Dining for a Cause at Tennessee's Blackberry Farm
I am thinking this may be the most delicious dish I have ever eaten: smoked new potatoes, the first of the season at Tennessee's Blackberry Farm, smothered with sour cream and a generous sprinkling of shaved black Tennessee truffles. It is just the first course of yet another amazing meal prepared for a weekend of "wine, women and song" at The Inn at Blackberry Farm (which has to be the most elegant working farm in the world), devoted to raising funds for the Condé Nast Traveler Five & Alive Fund. The fund supports health programs for children in 65 countries.
Sitting next to me, star chef Michelle Bernstein, who opened Michy's in Miami in 2005 and is steadily expanding her culinary empire, is telling me a shocking story about how she made her way in the man's world of restaurant kitchens, how she was knocked around by male chefs (literally), groped (literally), and sabotaged by jealous male competitors who would throw out her prep work or intentionally ruin a dish.
Several very famous restaurants' names come up, including a top-notch New York fish restaurant where she still eats occasionally ("because the food is delicious," she says. "I don't care"), though the owner and she don't acknowledge each other's presence. Michelle says she was saved by a chef she originally thought was out to get her, but who one day took her aside and told her to "go to the gym and get bulked up." "I was a JAP who had done ballet, and he said I'd never make it in the kitchen," Michelle says. "He told me to stop wearing makeup, gain some weight, or get out."
A bluegrass band is playing, the fire is roaring, and we all have blankets on our laps in the open-air cupola that has been set up for this VIP dinner. Activist/actress Ashley Judd, who is on the board of Population Services International, founder of the Five & Alive program, is here with her dark and handsome husband, international racing star Dario Franchitti. Halfway through our meal, Chris Thile, the Grammy Award-winning mandolin player who is a dead ringer for Jude Law, stands up and bursts into song. The thrang thrang of the mandolin and Chris's sweet, plaintive voice fill the space. The air on this March Tennessee night has a bite to it, and I notice that Ashley and her famous husband are seated a lot closer to the fireplace than I am. The major donors to the Five & Alive fund are closer, too. Fair enough. My toes are frozen, but this is close to heaven nonetheless.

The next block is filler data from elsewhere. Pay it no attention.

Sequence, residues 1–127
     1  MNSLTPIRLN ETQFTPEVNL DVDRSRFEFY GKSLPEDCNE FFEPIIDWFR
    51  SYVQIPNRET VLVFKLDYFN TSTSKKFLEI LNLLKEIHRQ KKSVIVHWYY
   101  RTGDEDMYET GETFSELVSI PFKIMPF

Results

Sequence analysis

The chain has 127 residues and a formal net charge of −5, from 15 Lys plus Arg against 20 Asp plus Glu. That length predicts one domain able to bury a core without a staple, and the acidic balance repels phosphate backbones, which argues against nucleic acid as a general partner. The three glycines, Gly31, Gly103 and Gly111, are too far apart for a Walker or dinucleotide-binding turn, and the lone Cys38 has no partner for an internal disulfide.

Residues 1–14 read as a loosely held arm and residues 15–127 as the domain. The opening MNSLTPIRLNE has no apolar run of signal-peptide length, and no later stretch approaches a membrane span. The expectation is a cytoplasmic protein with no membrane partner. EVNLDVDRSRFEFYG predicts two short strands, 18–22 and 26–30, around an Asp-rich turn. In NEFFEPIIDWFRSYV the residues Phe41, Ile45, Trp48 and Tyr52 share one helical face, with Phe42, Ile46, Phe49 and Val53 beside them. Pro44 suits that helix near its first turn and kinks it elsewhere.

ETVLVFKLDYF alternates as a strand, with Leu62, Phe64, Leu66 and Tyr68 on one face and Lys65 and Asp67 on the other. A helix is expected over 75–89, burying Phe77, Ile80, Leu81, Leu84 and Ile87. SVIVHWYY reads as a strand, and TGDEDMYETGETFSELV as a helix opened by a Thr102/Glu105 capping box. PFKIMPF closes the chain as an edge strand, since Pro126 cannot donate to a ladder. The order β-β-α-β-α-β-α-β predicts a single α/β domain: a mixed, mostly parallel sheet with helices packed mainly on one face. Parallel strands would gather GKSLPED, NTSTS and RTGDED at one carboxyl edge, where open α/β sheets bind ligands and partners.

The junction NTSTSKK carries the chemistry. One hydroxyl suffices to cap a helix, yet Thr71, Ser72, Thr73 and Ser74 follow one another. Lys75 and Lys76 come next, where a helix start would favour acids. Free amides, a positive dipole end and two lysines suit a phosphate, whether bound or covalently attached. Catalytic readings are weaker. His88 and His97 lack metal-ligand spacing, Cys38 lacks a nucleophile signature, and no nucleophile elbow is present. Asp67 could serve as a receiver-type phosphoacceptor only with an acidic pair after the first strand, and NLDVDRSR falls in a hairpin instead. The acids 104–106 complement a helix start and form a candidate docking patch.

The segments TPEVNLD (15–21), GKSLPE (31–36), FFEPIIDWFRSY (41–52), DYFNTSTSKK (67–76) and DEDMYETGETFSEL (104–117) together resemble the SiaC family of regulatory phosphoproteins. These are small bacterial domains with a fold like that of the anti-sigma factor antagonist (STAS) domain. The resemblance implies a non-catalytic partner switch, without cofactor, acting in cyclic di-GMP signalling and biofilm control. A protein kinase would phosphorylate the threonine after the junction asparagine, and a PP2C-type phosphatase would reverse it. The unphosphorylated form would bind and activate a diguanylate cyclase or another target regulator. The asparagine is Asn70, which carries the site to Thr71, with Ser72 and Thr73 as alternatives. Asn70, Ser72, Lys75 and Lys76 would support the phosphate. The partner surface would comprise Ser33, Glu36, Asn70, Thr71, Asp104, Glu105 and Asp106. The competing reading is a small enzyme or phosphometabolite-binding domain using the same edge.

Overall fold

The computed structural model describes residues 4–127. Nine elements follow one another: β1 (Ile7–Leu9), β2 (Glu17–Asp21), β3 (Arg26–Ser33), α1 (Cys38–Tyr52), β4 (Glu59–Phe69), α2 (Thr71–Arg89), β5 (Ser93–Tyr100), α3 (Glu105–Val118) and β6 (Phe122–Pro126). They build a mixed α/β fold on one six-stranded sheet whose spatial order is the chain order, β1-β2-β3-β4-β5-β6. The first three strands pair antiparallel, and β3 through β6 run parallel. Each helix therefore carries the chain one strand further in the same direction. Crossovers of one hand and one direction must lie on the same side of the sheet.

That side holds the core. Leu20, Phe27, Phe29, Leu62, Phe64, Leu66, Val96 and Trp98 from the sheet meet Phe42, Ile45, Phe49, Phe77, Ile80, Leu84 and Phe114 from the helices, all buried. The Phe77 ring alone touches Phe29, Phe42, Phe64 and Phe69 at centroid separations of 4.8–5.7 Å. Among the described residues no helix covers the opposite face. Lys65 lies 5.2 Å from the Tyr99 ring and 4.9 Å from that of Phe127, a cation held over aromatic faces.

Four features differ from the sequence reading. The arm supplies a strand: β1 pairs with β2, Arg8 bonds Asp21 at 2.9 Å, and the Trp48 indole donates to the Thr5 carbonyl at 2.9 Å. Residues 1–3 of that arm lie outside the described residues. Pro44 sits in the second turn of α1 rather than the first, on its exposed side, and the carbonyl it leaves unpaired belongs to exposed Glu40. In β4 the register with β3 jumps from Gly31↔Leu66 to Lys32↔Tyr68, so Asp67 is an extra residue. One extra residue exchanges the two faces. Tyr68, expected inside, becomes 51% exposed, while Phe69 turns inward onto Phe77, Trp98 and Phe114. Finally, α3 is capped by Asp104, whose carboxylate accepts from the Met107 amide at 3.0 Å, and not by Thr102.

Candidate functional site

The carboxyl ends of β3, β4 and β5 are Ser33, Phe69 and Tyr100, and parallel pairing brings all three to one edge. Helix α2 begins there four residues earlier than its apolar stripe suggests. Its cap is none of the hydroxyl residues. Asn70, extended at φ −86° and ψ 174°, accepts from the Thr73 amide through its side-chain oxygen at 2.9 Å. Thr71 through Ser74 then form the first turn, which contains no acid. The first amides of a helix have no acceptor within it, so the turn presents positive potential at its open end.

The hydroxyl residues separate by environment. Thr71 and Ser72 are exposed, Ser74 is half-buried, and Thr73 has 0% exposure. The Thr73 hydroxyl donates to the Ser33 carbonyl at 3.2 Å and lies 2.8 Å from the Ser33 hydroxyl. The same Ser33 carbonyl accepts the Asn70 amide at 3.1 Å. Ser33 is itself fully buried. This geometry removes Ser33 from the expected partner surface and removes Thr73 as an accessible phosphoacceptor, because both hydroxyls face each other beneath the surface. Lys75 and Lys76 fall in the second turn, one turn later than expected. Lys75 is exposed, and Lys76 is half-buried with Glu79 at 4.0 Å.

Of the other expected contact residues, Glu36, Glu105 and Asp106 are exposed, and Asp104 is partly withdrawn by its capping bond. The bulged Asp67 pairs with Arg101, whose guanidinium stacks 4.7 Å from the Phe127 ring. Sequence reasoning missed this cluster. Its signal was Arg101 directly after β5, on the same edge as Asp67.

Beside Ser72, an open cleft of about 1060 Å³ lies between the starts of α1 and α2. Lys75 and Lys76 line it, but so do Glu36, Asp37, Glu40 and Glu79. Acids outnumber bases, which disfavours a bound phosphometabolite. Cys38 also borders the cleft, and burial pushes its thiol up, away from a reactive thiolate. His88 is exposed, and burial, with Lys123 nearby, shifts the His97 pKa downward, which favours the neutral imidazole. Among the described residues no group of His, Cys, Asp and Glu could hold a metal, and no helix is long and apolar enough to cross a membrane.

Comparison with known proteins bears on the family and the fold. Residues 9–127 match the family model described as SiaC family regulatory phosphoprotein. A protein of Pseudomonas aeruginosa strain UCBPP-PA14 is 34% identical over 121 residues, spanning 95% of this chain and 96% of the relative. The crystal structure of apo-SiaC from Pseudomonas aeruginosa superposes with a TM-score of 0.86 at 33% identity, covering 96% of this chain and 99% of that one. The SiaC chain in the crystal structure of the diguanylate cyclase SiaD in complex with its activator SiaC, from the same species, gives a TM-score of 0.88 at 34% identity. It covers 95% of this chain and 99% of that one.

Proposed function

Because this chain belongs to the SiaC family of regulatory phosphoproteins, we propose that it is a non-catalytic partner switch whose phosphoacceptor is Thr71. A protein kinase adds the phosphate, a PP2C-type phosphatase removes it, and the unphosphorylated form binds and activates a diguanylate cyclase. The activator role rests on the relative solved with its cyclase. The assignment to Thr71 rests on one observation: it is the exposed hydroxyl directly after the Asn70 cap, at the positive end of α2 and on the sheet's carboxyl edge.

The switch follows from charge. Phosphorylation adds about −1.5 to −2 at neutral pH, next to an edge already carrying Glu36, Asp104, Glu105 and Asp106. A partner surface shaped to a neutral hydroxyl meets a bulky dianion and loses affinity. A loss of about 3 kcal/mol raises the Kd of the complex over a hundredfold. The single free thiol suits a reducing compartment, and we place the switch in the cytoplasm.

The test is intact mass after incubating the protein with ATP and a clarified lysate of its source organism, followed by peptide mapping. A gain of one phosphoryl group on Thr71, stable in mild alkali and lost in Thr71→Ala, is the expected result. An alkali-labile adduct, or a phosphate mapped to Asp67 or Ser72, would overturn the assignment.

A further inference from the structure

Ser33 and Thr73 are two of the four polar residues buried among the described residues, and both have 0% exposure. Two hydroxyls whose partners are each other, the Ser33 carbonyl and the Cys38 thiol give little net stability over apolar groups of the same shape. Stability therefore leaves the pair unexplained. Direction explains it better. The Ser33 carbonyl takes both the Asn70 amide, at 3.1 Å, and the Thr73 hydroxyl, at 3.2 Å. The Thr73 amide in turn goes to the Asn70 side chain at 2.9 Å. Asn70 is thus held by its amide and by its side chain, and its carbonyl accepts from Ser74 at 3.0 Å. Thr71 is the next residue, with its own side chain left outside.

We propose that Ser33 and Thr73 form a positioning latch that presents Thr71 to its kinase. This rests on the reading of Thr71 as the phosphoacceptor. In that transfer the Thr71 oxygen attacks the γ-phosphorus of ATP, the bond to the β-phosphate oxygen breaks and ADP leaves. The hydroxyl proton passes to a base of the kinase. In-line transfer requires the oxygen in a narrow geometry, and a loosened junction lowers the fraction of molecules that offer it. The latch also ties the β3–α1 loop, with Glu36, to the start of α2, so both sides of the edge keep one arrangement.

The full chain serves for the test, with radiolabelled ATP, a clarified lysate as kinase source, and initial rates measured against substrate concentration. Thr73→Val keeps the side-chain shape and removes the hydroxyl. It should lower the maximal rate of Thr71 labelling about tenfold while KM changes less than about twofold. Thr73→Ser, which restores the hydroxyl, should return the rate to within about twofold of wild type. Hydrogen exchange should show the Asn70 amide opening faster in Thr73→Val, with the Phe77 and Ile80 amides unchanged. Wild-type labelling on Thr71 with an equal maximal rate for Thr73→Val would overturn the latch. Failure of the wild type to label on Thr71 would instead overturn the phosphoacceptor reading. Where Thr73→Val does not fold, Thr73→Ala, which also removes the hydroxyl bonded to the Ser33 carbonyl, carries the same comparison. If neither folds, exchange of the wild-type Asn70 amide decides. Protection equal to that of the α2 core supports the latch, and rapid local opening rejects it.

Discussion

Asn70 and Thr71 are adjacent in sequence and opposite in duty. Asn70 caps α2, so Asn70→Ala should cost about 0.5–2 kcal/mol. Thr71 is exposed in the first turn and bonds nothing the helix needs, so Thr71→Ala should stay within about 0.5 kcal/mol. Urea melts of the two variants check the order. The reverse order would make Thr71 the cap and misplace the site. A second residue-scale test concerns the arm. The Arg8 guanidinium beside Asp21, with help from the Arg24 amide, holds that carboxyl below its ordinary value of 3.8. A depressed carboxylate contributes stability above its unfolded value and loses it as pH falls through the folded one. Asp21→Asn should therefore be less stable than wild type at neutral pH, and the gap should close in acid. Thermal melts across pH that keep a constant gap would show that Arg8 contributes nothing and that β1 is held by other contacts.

This afternoon I participated in a panel discussion here with Ashley, Kate Roberts, who created the Five & Alive program, and Marshall Stowell, who handles communications for PSI. Ashley was in pigtails and a down jacket, after a hike in the nearby hills. I talked about Condé Nast Traveler's commitment to giving back, through the World Savers Partnership--which works with the travel industry to encourage companies to expand their social responsibility programs--and the magazine's work with the Five & Alive Fund. Ashley recounted the trip she took to Rwanda last year with my boss, Traveler editor in chief Klara Glowczewska, to visit PSI programs there. Thanks to an extraordinary bed-net program implemented by PSI and the Rwandan government, the incidence of malaria has dropped by more than 65 percent--"that's the gold standard in the global health community," Kate said. The audience seemed moved by the presentation--for good reason. Not only does PSI save many thousands of lives; what really sets its programs apart is that they are run on market principles and, therefore, sustainable. And that is the gold standard in the non-profit world.
* Make a Difference: Join us in supporting the global effort to bring simple life-saving solutions to children in need. Donate to the Five & Alive Fund and read about how various travel industry organizations have joined in the cause
* The Inn at Blackberry Farm has been on Condé Nast Traveler's Gold List for the past four years
* Notes from Traveler's 2008 World Savers Congress